It’s a wrap: Sarah Norbury goes behind the scenes to examine the process of vinyl wrapping – a new way to rejuvenate your boat’s topsides
When Tim Powell bought a 30-year-old Gib’Sea 28 he knew that one of his first jobs would be getting the topsides looking like new again. If your gel coat is not in good enough condition for sand-and-polish, or if you want to change your hull colour, the usual option is paint: but now there’s another alternative – vinyl wrapping.
This technique is still new for cruising boats, but vinyl on racing yachts and vehicles is everywhere. All those vans with brightly-printed logos, even pictures, are covered in what we used to call sticky back plastic – it’s come a long way since Blue Peter. Formula One cars, Porsches covered in lookalike crocodile skin and the Clipper Round The World boats are all vinyl-wrapped.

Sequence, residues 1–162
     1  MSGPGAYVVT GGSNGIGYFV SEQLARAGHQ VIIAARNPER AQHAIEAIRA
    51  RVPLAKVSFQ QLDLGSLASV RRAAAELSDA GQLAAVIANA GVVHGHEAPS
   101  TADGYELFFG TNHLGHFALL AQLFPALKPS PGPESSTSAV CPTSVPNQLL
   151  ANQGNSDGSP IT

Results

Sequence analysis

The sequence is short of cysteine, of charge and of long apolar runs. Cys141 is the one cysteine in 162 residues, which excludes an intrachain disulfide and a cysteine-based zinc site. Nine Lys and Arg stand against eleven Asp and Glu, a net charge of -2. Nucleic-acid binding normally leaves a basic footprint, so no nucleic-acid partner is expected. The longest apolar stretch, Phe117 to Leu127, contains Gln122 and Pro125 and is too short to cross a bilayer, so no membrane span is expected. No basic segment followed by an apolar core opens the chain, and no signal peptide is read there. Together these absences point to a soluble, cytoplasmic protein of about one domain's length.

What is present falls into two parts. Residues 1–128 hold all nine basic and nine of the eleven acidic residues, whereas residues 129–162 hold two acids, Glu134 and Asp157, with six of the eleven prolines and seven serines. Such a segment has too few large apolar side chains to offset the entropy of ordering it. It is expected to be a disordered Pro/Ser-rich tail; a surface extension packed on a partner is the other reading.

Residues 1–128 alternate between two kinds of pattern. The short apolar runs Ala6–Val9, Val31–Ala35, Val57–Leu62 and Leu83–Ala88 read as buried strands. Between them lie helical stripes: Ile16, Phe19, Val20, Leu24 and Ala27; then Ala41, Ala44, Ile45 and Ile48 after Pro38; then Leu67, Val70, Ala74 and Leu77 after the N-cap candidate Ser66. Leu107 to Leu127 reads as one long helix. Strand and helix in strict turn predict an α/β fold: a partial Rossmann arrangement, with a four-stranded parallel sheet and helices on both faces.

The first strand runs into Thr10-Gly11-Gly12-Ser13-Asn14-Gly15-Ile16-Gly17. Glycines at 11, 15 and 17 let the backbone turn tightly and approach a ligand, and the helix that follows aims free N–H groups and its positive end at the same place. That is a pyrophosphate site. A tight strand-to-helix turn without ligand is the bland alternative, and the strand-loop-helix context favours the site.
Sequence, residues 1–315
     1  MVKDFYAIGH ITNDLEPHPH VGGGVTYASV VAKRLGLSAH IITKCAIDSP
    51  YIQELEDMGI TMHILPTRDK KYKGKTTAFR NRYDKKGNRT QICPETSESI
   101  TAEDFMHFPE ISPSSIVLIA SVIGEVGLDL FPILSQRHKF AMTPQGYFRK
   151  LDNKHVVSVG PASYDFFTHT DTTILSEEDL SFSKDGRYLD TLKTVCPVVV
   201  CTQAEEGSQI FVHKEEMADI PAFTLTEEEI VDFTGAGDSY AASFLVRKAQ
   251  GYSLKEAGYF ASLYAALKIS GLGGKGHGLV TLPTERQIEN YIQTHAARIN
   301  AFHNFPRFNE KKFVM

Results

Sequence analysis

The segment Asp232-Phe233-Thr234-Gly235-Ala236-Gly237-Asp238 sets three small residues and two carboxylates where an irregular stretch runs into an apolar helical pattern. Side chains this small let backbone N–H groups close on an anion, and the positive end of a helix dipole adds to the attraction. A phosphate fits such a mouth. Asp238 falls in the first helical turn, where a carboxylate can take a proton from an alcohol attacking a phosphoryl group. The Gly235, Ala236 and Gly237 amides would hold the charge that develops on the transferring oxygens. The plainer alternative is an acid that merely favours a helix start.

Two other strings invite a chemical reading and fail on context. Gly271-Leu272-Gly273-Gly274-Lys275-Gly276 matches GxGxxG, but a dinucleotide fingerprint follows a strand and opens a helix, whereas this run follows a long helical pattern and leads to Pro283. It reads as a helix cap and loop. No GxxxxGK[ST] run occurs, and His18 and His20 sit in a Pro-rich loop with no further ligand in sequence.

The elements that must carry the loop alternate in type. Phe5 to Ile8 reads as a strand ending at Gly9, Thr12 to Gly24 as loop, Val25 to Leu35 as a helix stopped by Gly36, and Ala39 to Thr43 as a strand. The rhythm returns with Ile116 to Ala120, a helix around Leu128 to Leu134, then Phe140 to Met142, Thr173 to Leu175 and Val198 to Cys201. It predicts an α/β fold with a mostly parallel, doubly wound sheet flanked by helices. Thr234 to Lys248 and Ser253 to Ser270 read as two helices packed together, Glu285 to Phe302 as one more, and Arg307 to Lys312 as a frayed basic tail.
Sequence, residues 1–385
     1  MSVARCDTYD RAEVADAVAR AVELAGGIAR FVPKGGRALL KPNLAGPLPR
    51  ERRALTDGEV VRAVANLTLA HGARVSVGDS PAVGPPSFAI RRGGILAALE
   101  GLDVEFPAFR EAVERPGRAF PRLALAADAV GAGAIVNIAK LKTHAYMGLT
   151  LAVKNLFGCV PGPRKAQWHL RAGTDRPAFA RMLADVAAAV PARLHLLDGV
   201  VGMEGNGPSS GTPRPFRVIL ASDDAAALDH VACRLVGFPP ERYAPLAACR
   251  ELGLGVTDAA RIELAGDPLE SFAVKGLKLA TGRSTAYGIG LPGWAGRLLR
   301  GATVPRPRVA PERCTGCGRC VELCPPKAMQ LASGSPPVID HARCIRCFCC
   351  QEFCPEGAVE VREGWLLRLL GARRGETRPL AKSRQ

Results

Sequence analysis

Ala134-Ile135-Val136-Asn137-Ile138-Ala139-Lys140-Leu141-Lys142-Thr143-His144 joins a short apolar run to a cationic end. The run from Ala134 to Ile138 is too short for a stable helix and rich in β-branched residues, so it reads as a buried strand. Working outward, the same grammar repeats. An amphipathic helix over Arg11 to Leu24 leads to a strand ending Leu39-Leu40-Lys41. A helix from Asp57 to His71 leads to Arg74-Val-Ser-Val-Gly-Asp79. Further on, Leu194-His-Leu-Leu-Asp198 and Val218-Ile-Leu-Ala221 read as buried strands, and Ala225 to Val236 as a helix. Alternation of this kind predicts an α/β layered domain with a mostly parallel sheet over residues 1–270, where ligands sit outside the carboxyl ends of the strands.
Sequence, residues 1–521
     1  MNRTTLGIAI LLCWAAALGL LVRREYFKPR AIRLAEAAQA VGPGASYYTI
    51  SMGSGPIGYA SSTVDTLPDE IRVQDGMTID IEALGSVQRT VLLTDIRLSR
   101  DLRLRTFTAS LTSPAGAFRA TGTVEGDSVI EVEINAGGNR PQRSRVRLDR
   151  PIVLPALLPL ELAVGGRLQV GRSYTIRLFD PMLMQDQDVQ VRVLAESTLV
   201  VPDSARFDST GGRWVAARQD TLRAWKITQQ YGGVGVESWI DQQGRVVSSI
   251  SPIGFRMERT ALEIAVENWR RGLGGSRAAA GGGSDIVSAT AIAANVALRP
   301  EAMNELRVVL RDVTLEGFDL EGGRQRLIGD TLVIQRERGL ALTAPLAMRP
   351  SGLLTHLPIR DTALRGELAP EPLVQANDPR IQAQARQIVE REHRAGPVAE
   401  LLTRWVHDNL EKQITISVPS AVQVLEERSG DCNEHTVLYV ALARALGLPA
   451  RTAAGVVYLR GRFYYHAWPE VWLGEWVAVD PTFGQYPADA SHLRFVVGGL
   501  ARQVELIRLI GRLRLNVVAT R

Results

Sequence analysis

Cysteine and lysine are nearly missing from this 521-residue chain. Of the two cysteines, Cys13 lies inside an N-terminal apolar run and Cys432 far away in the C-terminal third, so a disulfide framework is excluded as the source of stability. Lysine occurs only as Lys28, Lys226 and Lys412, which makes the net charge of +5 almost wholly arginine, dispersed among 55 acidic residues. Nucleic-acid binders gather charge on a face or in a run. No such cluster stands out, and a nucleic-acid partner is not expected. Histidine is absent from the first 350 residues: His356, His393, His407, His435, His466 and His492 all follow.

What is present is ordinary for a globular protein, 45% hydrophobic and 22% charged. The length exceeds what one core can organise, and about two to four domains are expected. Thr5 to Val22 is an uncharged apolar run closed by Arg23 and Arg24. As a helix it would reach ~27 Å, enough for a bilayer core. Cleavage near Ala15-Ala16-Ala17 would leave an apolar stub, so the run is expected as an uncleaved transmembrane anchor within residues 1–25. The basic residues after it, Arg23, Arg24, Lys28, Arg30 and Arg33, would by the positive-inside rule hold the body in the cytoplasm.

Claims made for vinyl wrapping include that it protects GRP from UV degradation, fading and abrasion while not fading itself, and that it is easier and cheaper to repair than paint or gel coat. Tim didn’t want to use paint because, he says, ‘it’s irreversible. Once you’ve painted you can never go back to gel coat. With vinyl, I have the option of stripping it off.’ Tim had had enough of doing his own painting with his previous boat, a Shrimper. ‘It was really hard to get a good finish. I put plenty of hours into sanding the hull smooth before application but was never happy with the result – it just didn’t look as good as a professional job.’
Investigating prices for a professional high-gloss respray, he discovered that vinyl wrapping by the Wild Group in nearby Hamble was considerably cheaper.